Tutorial 25: Simple Arguments


Functions can be incredibly powerful, because you can program them to do almost anything you want them to. One important step in making your functions even smarter is to use "arguments" within your function. Not the type of argument where you and a friend are bickering about a disagreement, I'm talking about arguments within functions — two very different things.

Think of an argument like a variable. Your program can pass extra information to your functions using arguments. You specify your arguments within the parenthesis after your function name, and you can have as many as you want, as long as they're comma separated.

Let's look at an example of a function with a single argument:

<?php

	function hangTen($location) {
		
		echo "We're surfing in $location!
"; } hangTen("Hawaii"); hangTen("California"); hangTen("Newfoundland"); ?>

So, in the above example, we're passing an argument to the hangTen() function. Later in our script, we call our function several times with a string of text within each parenthesis, and each time we call our function with a new argument value, that value will display on the screen along with the text we provided in our function.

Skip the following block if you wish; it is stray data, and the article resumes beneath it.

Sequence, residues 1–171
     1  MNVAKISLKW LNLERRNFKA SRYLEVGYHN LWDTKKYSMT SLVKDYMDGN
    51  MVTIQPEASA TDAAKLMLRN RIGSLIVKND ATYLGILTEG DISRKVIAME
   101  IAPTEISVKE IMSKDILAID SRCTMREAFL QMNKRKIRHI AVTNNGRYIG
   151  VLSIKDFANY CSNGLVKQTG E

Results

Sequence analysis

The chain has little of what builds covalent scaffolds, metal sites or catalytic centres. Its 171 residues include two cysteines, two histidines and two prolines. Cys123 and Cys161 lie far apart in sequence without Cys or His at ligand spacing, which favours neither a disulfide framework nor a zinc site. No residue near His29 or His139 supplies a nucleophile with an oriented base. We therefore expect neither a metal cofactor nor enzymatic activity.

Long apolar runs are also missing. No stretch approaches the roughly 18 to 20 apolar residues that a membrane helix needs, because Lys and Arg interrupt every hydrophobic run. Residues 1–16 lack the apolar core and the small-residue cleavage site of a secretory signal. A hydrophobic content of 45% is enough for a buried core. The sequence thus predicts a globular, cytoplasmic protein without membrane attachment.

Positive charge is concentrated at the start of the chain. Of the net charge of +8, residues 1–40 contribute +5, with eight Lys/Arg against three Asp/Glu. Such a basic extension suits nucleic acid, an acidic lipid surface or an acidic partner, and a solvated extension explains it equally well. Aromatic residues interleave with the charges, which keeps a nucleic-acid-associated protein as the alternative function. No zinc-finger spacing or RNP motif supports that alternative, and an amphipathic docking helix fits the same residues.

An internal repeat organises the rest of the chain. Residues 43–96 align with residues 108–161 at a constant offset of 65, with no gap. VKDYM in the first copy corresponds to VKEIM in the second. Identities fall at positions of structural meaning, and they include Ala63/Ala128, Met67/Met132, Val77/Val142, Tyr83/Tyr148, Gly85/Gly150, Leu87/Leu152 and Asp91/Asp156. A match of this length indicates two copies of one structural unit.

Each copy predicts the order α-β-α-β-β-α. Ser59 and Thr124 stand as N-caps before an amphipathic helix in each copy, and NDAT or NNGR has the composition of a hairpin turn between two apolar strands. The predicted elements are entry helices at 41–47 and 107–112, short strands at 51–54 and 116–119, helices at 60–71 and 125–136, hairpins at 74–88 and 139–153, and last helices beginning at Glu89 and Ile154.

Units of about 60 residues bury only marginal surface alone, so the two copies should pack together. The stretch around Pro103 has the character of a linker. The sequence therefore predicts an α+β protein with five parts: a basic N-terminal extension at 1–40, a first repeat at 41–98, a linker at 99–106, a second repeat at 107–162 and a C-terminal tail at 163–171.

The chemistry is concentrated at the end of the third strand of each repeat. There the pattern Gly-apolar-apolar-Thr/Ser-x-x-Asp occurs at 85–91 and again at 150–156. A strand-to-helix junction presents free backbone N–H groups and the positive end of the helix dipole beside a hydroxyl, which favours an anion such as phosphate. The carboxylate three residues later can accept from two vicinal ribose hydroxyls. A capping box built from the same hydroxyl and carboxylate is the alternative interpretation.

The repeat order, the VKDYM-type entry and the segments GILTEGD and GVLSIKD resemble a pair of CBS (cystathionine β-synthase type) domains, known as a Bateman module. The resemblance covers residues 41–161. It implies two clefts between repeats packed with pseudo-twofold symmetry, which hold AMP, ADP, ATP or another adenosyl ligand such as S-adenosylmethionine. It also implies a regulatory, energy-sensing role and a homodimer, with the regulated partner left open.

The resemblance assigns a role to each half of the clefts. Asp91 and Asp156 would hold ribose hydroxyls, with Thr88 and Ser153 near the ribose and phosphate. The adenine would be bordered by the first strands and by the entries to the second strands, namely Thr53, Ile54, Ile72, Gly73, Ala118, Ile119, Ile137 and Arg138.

The output will look like this:

We're surfing in Hawaii!
We're surfing in California!
We're surfing in Newfoundland!

Let's look at an example with two arguments:

<?php

	function multiplyTogether($val1, $val2) {
		
		$product = $val1 * $val2;
		echo "The product of the two numbers is: $product";
		
	}
	
	multiplyTogether(14, 27);

?>

All we did here was add another argument, separated by comma, then when we called our multiplyTogether() function later in the script, we provided two values to take the place of our $val1 and $val2 arguments.

The result?

The product of the two numbers is: 378

Feel free to experiment with Custom Functions using the practice.php page provided in this folder.

Check out the final example
©2019 Brad Hussey